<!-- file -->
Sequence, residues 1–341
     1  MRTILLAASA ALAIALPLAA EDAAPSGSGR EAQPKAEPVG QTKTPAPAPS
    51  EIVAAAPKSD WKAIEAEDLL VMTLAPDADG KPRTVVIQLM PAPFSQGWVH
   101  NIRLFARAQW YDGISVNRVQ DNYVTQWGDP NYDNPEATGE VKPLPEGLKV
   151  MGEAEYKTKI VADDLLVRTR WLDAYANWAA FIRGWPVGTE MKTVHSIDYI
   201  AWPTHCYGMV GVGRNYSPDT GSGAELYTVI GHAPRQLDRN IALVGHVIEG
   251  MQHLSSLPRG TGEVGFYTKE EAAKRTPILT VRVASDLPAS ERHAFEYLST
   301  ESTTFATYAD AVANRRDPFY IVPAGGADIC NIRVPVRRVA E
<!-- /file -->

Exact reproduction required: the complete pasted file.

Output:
Sequence, residues 1–341
     1  MRTILLAASA ALAIALPLAA EDAAPSGSGR EAQPKAEPVG QTKTPAPAPS
    51  EIVAAAPKSD WKAIEAEDLL VMTLAPDADG KPRTVVIQLM PAPFSQGWVH
   101  NIRLFARAQW YDGISVNRVQ DNYVTQWGDP NYDNPEATGE VKPLPEGLKV
   151  MGEAEYKTKI VADDLLVRTR WLDAYANWAA FIRGWPVGTE MKTVHSIDYI
   201  AWPTHCYGMV GVGRNYSPDT GSGAELYTVI GHAPRQLDRN IALVGHVIEG
   251  MQHLSSLPRG TGEVGFYTKE EAAKRTPILT VRVASDLPAS ERHAFEYLST
   301  ESTTFATYAD AVANRRDPFY IVPAGGADIC NIRVPVRRVA E